Filing your tax form.
Come 'tax time', most of us desperately search through piles of papers, looking for the necessary documents. If this sounds like you, we recommend arming yourself early in the year with an A4 file that has alphabetical dividers. Well-organised records make it simpler to complete the tax form, ensure that deductions are not missed, and may thus reduce your tax bill.
The tax form
The tax form arrives around February, with a period of 30 days to submit your information (an extension of the deadline may be possible). We recommend using the electronic version of the tax form, which can be ordered on a CD or downloaded from your Cantonal website. If a taxpayer fails to file a tax return, the tax due will be estimated and invoiced by the authorities. If this happens, the taxpayer automatically relinquishes the right to challenge the final amount.
A simple way of understanding the tax form is to divide it into two parts: income and wealth. Both parts have earnings and deductions, and are taxable. Most documents for tax purposes arrive in January. However, if you own shares or bonds, the dividends are paid throughout the year. Banks will send you receipts following the dividend payout, which should be filed. If you have a particularly complicated portfolio, the bank can provide a summary on 31st December, which details dividends and your account balance. Discuss this with your bank, as charges may be applicable.
Your salary statement for the previous year is usually provided by your employer in January. You are also required to provide details of other income, including that of your spouse or any part-time work. Details of income earned outside Switzerland, investment dividends, alimony, undistributed inheritance, capital payments from pension funds and lottery profits should be included. Imputed rental income is a Cantonal estimate of how much rent a homeowner would have to pay for the house or apartment they live in. If you cannot find this document, ask at your municipal office.
The following deductions are permitted upon receipt of proof, although some upper limits apply:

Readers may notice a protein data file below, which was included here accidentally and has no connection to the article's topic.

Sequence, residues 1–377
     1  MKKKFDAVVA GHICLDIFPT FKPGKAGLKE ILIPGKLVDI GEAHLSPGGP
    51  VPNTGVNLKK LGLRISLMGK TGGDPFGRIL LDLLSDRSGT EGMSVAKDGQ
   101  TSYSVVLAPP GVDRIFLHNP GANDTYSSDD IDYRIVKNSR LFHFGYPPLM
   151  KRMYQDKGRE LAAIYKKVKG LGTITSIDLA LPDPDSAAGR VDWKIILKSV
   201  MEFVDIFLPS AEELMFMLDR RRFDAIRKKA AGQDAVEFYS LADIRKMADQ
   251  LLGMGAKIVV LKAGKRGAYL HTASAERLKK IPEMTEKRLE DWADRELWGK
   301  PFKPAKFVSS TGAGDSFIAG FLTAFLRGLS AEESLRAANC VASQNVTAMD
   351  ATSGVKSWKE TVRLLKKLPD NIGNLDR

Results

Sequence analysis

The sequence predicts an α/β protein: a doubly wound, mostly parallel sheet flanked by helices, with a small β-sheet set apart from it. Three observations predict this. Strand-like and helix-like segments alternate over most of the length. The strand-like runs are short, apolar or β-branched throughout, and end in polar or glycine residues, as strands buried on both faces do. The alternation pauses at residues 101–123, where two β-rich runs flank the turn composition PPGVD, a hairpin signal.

Mortgage interest and loans, employment expenses, home office, further education, pillar 2 (additional contributions to corporate pension plans), pillar 3a (contributions to personal pension accounts or insurance plans), health insurance premiums, alimony, dependents and child support, charitable contributions and property maintenance.
Swiss wealth tax is levied on the value of an individual's worldly assets (minus the value of any debts) at Cantonal and local levels. A taxpayer's assets and interests that have a cash and market value should be declared. These include life insurance, bank account statements (included with the income statements), cars or boats, other assets (jewellery, paintings etc.), loan balance statements, and undistributed inheritance. Wealth tax is charged on net wealth (gross wealth, reduced by the outstanding debt). Personal allowances and unpaid tax also make up part of the outstanding debt.
If you decide to use the services of an accountant or financial advisor, we recommend you agree a flat fee and deliver all your documents in one go.
Brien Donnellon is the owner of KEY INVESTMENT, a financial services company providing unbiased financial advice and solutions for Swiss-based expatriates, HR departments and foreign investors. The company, formed in 1997, is authorised and regulated by the Swiss Federal Banking Commission.
For further information:
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